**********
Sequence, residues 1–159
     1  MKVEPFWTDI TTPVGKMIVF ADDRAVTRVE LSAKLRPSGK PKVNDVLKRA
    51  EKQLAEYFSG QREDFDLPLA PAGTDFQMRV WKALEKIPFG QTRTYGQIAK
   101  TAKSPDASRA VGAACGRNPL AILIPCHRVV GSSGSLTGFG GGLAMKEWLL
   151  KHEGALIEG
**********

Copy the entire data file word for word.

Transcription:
Sequence, residues 1–159
     1  MKVEPFWTDI TTPVGKMIVF ADDRAVTRVE LSAKLRPSGK PKVNDVLKRA
    51  EKQLAEYFSG QREDFDLPLA PAGTDFQMRV WKALEKIPFG QTRTYGQIAK
   101  TAKSPDASRA VGAACGRNPL AILIPCHRVV GSSGSLTGFG GGLAMKEWLL
   151  KHEGALIEG